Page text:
As of yesterday I am 35 weeks pregnant. Last week we had our first NCT classes, which were okay though the instructor kept talking about “fear tigers” which produce adrenaline and slow down labour, rather than using a more sensible word like stressors… Though I think people have avoided telling me lots of the labour horror stories they like to pile on first time mothers because of the awful time that we’ve had this pregnancy, I think I’ve read my fair share in books. I would recommend that anyone considering giving birth avoid the following books with spoilers below.
1) The Shadow of the Wind by Carlos Ruiz Zafón
The novel follows Daniel Sempere as he attempts to track down a mysterious man who is intent on destroying all copies of a book called The Shadow of the Wind by Julián Carax. It later transpires that Julian had planned to elope with his friend’s sister, Penelope Aldayar, without realising that she was secretly his half-sister. Penelope’s parents lock her in a room leaving her to bleed to death in childbirth bringing Julian’s stillborn son into the world.
2) The Snow Child by Eowyn Ivey
Plenty of things to dislike, or “fear tigers” if you will, here. The story opens with Mabel and Jack, childless after their only pregnancy ended in a still birth years before, looking for a new life on the Alaskan frontier. One evening, much like in the fairy tale, they make a snowman and over the next few days they spot a little girl, pale as though she’s made from snow, wearing the hat and gloves they put on the snowman. The girl turns out to be Faina, the semi-wild orphaned daughter of an alcoholic trapper. Faina eventually becomes their almost adopted daughter and falls in love with their neighbour’s son, Jack insists that the pair marry when it becomes clear that Faina is pregnant but she contracts a fever after prolonged childbirth. The most awful thing about this for me is that when the fevered Faina wanders off in the Alaskan winter never to appear again, the family seem to think of it as an apt ending to their encounter with the snow child, as, after all, they’ve been left with the baby they always wanted…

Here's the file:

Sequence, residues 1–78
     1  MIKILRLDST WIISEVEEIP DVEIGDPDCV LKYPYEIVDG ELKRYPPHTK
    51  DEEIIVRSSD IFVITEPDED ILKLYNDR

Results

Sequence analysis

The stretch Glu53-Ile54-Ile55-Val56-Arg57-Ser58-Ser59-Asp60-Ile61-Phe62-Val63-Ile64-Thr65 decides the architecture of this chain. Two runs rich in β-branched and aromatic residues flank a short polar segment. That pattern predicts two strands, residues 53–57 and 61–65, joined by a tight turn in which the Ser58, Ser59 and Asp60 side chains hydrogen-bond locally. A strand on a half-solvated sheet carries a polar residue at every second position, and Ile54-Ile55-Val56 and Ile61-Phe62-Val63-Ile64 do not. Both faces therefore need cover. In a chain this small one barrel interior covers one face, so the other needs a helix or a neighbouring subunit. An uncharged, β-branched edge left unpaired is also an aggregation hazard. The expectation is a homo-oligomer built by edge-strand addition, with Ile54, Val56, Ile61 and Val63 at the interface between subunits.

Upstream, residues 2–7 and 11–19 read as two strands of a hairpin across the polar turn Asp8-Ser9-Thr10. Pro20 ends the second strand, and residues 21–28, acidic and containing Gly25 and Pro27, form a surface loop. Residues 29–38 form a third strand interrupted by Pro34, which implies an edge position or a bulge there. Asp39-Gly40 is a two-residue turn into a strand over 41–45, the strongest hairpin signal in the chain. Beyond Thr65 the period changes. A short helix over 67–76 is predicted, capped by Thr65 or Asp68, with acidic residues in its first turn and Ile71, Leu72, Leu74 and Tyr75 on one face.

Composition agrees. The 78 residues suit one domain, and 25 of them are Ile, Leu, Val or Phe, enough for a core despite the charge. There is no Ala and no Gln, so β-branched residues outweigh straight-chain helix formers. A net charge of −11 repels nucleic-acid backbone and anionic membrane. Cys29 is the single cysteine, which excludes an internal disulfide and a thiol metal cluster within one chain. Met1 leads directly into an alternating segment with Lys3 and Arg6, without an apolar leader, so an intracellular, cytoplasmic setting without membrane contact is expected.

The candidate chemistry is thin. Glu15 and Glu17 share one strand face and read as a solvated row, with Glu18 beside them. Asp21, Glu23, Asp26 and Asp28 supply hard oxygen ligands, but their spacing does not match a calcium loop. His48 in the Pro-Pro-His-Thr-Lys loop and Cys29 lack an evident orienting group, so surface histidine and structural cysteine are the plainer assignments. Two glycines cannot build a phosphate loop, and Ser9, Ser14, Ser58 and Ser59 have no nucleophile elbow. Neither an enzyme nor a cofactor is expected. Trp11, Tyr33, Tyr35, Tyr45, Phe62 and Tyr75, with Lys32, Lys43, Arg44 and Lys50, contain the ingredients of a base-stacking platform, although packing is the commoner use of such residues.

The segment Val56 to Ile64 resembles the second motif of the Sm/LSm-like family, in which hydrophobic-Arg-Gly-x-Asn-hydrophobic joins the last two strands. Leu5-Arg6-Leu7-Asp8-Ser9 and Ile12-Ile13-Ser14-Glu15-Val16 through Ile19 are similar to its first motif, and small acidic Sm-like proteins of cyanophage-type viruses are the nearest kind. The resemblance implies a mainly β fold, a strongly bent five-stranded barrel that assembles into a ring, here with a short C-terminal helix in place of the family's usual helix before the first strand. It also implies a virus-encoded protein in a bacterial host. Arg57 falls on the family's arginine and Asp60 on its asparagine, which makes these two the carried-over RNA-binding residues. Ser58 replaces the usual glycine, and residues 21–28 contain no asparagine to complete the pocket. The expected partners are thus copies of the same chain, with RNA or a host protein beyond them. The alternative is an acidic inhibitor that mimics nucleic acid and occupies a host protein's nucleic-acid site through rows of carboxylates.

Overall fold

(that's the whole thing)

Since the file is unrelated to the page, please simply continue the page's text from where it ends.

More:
3) The Miniaturist by Jessie Burton
The much hyped novel about the girl with the semi-prophetic dollhouse… One of the first miniatures Nella receives to fill her cabinet is an ornate baby’s cradle, but it is only much later into the novel that she realises her sister-in-law, Marin, is pregnant with their manservant Otto’s child. Refusing a midwife, Marin retains her placenta and dies shortly after her daughter is born.
4) The Secret Scripture by Sebastian Barry
A one hundred year old woman lives in a mental hospital which is closing down, and her narrative of her life is interwoven with that of the hospital psychologist. When Roseanne was a young woman, heavily pregnant and abandoned by her husband, she goes into labour on a long walk home after her mother-in-law refuses to help her. Giving birth on the sea front in a storm, she passes out when the baby is born and when she regains consciousness the baby is nowhere to be seen, resulting in Roseanne being accused of its murder. Jon has already been instructed to follow our baby anywhere that she is taken if I can’t go with her.
5) The Hand that First Held Mine by Maggie O’Farrell
For all that I felt that this was a very flawed novel, the descriptions of Elina’s traumatic labour which leaves her confused about how her baby came to be born and waking panicking at the disappearance of her bump, with memories of jets of blood shooting in the air have certainly stayed with me…
So, as I prepare to go into hospital and take some books with me to pass the time, are there any other books that you recommend I avoid?